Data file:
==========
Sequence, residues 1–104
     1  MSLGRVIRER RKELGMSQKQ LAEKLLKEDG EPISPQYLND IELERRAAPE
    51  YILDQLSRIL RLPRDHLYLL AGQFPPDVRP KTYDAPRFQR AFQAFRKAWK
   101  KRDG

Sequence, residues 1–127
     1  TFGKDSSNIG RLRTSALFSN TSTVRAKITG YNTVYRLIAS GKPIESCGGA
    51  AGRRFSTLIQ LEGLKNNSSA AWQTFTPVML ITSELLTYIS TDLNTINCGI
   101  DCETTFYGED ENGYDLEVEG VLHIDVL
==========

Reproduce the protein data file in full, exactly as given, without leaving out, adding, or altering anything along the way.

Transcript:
Sequence, residues 1–104
     1  MSLGRVIRER RKELGMSQKQ LAEKLLKEDG EPISPQYLND IELERRAAPE
    51  YILDQLSRIL RLPRDHLYLL AGQFPPDVRP KTYDAPRFQR AFQAFRKAWK
   101  KRDG

Sequence, residues 1–127
     1  TFGKDSSNIG RLRTSALFSN TSTVRAKITG YNTVYRLIAS GKPIESCGGA
    51  AGRRFSTLIQ LEGLKNNSSA AWQTFTPVML ITSELLTYIS TDLNTINCGI
   101  DCETTFYGED ENGYDLEVEG VLHIDVL